I am very excited about this post because it is about the first piece of clothing that I’ve ever drafted from scratch. Ladies and gentlemen… my maternity nursing gown!
But, how did I get to drafting my own nursing gown? Well, if you’ve been pregnant, you’ll know that the range of maternity clothes out there is quite limited and far from nice unless it comes with a hefty price tag, but nursing items (including gowns) are even rarer and uglier. When I was looking for a decently designed and priced gown to take with me to hospital when the D-day arrived, I was unable to find one whose design, fabric, colour or dimensions did not make me cringe. I’m unsure why brands assume that nursing gowns are only for the hospital when the name is quite specific, “nursing” gowns, so you’ll probably wear them for quite a while whilst you are nursing your baby. So, why make them so ugly? Some of the faults I found in the ones I came across were:
- Ugly colours (at least for the purpose of the garment): dark brown, dark blue, dark pretty much every colour. Why do they make them so dark? Someone may say “so they don’t show the dirt”. Well, I don’t remember getting any dirt whilst in hospital or back home, at least no more than usual (I do have a tendency to spill my morning coffee every now and again and this has not improved with motherhood, actually quite the opposite)
- Poor quality fabrics: what happened to the soft-touch lounge and sleep wear? Apparently pregnant women don’t like it because I could not find anything that wasn’t polyester (and not of the nicer kind).
- Lace everywhere: I’m not a fan of lace. I’m even less fan of polyester lace. I had no intention on buying anything with lace on.
- Ill-fitting: ok, nursing gowns have to fit a 9 month pregnant belly, which is pretty big, but they shouldn’t be massive all around. I didn’t find any gown that was slightly flattering around the shoulders and neckline. They were all just big and didn’t fit me at all, they would actually slid off my shoulders, which is not very comfortable.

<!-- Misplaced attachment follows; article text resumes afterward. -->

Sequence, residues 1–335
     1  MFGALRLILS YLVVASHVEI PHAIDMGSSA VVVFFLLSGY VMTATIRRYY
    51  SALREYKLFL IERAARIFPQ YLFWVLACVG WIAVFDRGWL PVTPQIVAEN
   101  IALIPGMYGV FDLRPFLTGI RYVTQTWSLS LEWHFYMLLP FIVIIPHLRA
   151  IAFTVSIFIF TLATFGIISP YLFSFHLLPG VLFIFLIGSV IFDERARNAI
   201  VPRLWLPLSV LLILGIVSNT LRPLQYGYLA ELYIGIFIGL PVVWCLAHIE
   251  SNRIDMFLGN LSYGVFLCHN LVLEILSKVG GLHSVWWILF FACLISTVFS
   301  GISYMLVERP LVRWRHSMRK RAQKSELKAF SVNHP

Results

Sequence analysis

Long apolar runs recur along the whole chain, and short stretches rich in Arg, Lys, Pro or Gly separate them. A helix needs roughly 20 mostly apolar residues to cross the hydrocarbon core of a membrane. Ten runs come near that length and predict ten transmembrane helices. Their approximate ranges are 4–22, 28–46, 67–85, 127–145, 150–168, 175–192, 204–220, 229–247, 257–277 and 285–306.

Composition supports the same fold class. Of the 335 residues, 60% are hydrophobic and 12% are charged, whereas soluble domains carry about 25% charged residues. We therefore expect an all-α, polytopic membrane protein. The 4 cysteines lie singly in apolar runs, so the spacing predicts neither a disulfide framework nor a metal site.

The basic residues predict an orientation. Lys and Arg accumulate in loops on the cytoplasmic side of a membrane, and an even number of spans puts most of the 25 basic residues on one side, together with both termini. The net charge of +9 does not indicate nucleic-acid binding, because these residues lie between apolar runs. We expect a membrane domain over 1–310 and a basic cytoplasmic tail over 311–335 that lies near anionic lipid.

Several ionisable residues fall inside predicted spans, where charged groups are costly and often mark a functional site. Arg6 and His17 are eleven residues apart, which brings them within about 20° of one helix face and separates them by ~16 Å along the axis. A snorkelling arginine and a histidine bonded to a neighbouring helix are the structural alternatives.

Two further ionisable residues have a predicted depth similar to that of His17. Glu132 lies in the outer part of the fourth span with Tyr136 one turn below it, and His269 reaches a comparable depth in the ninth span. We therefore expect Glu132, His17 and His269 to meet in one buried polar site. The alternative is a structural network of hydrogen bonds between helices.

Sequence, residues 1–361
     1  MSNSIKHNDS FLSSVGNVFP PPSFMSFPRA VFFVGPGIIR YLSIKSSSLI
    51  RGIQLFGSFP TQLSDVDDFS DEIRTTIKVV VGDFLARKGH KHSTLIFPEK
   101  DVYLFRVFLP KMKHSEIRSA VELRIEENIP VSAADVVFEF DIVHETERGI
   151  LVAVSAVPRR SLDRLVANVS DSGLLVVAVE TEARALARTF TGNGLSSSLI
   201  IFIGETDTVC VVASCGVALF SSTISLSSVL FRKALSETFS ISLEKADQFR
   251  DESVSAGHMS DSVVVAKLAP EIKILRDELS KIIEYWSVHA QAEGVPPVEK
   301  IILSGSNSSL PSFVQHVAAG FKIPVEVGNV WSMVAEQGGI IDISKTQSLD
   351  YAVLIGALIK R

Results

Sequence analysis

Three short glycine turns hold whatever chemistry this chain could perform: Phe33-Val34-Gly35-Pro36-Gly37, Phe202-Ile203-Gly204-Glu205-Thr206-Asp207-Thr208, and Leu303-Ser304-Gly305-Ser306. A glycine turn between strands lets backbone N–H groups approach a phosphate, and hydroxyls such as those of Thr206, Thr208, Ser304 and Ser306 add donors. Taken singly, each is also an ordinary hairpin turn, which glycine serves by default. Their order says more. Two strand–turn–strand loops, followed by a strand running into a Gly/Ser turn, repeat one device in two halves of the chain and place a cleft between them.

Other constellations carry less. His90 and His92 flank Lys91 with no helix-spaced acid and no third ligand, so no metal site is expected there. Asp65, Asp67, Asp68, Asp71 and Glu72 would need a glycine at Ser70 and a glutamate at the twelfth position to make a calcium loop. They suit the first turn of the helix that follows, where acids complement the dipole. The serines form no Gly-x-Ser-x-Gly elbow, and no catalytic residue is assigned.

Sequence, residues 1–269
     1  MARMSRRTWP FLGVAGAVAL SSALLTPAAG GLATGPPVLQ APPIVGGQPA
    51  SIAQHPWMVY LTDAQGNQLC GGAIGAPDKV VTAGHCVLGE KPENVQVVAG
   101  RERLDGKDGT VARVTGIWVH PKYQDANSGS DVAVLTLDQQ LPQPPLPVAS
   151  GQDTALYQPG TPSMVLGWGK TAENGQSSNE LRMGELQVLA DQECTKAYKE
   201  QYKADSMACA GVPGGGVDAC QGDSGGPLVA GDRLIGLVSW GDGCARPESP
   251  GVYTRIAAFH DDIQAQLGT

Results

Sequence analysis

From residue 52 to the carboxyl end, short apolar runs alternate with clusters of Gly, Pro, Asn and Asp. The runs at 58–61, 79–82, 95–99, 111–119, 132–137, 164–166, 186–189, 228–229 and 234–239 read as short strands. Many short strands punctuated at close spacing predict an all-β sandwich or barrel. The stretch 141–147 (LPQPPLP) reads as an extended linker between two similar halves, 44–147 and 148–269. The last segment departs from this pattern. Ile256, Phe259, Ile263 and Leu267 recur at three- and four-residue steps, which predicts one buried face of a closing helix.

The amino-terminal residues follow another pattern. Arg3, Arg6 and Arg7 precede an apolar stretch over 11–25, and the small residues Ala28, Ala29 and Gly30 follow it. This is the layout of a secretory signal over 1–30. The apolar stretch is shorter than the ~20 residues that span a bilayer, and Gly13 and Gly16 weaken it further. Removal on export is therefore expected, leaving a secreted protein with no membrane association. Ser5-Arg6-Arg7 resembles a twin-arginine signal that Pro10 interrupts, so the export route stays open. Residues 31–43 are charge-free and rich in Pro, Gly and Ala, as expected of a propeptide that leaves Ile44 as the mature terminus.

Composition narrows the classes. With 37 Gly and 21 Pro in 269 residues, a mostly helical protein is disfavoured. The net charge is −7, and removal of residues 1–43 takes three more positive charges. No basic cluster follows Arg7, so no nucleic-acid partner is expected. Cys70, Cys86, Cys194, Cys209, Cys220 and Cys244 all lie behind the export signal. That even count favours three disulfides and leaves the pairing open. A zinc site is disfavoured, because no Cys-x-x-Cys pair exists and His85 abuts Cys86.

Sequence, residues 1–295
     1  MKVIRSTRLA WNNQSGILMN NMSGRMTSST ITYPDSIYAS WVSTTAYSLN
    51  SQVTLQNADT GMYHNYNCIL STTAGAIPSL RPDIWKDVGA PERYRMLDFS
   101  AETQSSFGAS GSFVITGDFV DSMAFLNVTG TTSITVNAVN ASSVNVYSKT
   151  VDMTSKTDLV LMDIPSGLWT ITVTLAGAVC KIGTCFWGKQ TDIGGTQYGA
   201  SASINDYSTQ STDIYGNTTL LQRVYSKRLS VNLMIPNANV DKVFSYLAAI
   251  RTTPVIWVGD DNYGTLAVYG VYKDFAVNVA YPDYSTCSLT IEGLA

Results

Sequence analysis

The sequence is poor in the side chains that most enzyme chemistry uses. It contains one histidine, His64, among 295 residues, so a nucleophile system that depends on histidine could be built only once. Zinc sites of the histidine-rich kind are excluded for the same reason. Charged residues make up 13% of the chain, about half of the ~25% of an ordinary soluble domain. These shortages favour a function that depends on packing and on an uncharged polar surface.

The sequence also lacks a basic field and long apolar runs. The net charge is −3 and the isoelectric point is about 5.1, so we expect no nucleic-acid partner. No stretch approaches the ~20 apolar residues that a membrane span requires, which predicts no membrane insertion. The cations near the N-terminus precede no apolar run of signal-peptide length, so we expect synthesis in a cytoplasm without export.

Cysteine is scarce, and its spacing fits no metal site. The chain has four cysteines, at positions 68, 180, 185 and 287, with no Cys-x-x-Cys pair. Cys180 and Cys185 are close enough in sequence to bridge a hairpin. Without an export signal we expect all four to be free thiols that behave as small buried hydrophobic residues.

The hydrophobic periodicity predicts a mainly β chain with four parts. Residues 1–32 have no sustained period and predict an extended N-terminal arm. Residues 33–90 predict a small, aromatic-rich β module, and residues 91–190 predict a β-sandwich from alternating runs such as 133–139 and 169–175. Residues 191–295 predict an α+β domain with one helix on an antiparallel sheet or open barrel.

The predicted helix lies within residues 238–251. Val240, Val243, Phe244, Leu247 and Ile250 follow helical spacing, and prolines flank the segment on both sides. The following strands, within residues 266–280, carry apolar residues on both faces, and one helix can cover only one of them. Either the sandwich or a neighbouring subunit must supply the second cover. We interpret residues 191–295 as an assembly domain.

- Useless for the purpose: Most of the nursing gowns I tried on, their buttons wouldn’t undo as low as needed to nurse… that was the moment when I decided to sew my own gowns.
During my search for the perfect gown, shop assistants didn’t seem to understand why I was being so fussy about them, at the end of the day, they were just a gown for a few days. I guess that was true to some extend. But there was something else there, something in between the lines, something that I didn’t realise I was trying to attain and that I only came to understand with time and a baby in my arms. After the D-Day I realised what motivated that thorough search: I was just trying to help myself through a tough but extremely special time. A time when your old self seems gone forever, a time when your pre-baby clothes are a ghost from the past, a time when there is no time for you or for anything else but your new born baby. I was trying to grasp and capture a bit of my old self into a garment that was going to be my best friend for weeks to come, I wanted to feel ok in myself, I just wanted to see that the old Pilar was still there, somewhere, and that she would come back at some point. All of these feelings went into the draft of this nursing gown, that I sewed in cotton seersucker, lined with cotton gauze, fitted to my shoulders and chest, knotted at the shoulders, and roomy for my decreasing belly. As all first drafts, this pattern was not perfect, but it made me happy because I could take care of my baby and still feel a bit like myself.
It may seem like a bit too much thought for a nursing gown, but I loved wearing it and was great for nursing my baby. I stopped wearing it when the winter came, but I’ll be definitely be making a non-pregnancy version for next summer. As far as I’m concern, best gown ever!
These are some more detailed pics:
I’d love to hear about your maternity gowns, what did you wear? Did you sew your own gowns?
Hope you enjoyed the post and thanks for reading!